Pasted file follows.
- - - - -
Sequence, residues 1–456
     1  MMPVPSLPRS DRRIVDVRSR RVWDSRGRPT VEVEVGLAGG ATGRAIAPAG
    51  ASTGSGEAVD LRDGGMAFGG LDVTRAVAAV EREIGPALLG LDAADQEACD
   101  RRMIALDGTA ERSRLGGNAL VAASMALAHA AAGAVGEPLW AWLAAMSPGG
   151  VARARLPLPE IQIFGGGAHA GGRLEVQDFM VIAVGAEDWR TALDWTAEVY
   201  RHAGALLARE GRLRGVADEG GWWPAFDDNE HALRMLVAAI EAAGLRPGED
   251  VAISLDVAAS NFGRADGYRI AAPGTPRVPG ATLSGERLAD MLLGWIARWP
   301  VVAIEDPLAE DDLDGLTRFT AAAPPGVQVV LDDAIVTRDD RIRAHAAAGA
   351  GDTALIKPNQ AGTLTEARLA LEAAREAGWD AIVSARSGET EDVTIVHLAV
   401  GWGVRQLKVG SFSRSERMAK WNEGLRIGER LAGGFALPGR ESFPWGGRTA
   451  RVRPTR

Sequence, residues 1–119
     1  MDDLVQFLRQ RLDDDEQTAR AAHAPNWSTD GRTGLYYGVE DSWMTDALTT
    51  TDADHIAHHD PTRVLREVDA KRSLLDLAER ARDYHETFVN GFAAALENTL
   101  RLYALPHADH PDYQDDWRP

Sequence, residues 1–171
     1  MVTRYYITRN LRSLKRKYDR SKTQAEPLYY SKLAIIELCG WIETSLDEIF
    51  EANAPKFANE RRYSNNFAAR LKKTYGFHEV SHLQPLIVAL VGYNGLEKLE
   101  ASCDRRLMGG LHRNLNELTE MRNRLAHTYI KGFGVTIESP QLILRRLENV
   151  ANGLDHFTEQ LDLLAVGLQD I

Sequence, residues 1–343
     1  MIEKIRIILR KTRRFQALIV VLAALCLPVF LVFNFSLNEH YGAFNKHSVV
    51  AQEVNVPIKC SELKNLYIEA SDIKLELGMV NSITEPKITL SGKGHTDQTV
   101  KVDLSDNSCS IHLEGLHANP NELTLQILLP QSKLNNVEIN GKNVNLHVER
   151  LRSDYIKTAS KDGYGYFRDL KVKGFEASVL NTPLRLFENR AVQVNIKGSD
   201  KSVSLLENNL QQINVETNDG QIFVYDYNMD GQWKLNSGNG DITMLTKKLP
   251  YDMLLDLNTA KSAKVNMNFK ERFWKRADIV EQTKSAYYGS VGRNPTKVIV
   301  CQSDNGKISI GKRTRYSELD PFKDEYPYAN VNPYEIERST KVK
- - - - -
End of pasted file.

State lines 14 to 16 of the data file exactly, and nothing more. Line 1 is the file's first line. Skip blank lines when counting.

    51  TDADHIAHHD PTRVLREVDA KRSLLDLAER ARDYHETFVN GFAAALENTL
   101  RLYALPHADH PDYQDDWRP

Sequence, residues 1–171